Additional sensory information; especially from touch, was suggested to improve stability by reducing body sway. However, it is less known about the effect of touch on the body’s joint movement during perturbed standing; which is commonly experienced by public transport users. In this study, subjects were asked to try to maintain their standing position with their fingertips on a rigid surface, while surface perturbation was applied at four different perturbation frequencies (0.2, 0.4, 0.6, and 0.6 Hz) and different vision input. Motion of joint (ankle, hip and head) and relative centre of mass (COM) were recorded and analysed. The results show that fingertip pressure was higher without vision. Furthermore, different fingertip moment directions were recorded between with vision and with no vision. This possibly indicates a preferred fingertip position that can provide better sensory information to replace sensory loss; especially vision. The range of motion of joints also decreased with fingertip touch-except for head motion. Furthermore, even though there were no significant differences observed between with touch and without touch, the relative COM displacement was less with touch. Thus, even with a very light touch, subjects were able to reduce body sway even in a perturbed stance. Further investigation is needed to determine the changes in centre of pressure (COP) and significant position of fingertip, which can enhance stability.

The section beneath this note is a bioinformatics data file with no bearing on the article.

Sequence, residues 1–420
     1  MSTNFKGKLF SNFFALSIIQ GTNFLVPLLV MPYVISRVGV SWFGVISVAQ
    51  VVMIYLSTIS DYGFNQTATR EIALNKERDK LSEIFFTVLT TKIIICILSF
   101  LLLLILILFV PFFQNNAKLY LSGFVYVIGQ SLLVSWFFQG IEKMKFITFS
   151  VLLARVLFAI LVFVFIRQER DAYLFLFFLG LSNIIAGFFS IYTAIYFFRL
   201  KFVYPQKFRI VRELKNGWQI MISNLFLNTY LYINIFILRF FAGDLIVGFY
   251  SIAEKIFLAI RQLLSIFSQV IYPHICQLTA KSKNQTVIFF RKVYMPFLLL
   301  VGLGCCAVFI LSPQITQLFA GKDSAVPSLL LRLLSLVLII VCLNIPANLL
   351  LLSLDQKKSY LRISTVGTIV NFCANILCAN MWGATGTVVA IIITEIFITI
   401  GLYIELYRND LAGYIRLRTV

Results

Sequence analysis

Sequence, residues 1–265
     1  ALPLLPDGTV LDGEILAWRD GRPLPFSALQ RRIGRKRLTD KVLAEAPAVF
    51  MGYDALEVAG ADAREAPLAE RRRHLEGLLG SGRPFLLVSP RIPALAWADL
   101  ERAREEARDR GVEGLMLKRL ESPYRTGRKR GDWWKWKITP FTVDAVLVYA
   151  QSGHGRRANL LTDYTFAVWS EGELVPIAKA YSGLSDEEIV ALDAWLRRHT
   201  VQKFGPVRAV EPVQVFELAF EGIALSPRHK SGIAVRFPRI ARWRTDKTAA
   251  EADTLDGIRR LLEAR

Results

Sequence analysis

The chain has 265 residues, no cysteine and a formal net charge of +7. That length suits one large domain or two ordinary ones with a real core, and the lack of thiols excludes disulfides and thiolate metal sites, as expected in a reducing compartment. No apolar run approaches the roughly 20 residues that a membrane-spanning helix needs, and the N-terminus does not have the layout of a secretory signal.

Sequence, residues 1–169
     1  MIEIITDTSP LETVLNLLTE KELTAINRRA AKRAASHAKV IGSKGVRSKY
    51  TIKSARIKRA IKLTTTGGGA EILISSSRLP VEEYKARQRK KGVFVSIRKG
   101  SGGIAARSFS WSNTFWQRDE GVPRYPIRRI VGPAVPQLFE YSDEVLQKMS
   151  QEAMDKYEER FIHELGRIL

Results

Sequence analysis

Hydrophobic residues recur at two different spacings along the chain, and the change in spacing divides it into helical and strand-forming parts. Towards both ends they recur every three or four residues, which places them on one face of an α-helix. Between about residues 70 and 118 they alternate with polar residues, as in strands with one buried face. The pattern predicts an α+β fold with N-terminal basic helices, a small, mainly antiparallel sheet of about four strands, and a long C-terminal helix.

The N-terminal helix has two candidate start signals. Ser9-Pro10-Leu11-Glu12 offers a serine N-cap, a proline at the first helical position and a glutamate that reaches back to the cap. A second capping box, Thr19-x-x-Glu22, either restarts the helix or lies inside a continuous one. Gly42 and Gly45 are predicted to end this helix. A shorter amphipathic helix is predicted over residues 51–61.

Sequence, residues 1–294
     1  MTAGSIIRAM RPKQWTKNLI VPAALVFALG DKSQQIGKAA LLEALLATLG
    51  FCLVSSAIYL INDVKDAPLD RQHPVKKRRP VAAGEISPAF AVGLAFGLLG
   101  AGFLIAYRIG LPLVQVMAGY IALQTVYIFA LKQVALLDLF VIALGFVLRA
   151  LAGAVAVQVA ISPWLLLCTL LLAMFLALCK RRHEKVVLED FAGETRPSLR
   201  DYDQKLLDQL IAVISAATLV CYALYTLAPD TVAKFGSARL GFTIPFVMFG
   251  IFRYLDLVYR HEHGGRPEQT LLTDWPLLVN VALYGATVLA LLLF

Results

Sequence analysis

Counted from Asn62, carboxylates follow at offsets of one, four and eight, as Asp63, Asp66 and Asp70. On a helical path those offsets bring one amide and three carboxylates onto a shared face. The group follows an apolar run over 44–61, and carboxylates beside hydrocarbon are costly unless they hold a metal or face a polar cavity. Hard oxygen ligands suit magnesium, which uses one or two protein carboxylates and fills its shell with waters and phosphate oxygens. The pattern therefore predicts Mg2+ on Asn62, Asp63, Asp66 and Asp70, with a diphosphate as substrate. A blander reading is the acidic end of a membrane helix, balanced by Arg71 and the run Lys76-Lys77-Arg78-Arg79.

|出版ステータス||Published - 2015|
|イベント||World Congress on Medical Physics and Biomedical Engineering, 2015 - Toronto, Canada|
継続期間: 2015 6 7 → 2015 6 12
|Other||World Congress on Medical Physics and Biomedical Engineering, 2015|
|Period||15/6/7 → 15/6/12|
ASJC Scopus subject areas
- Biomedical Engineering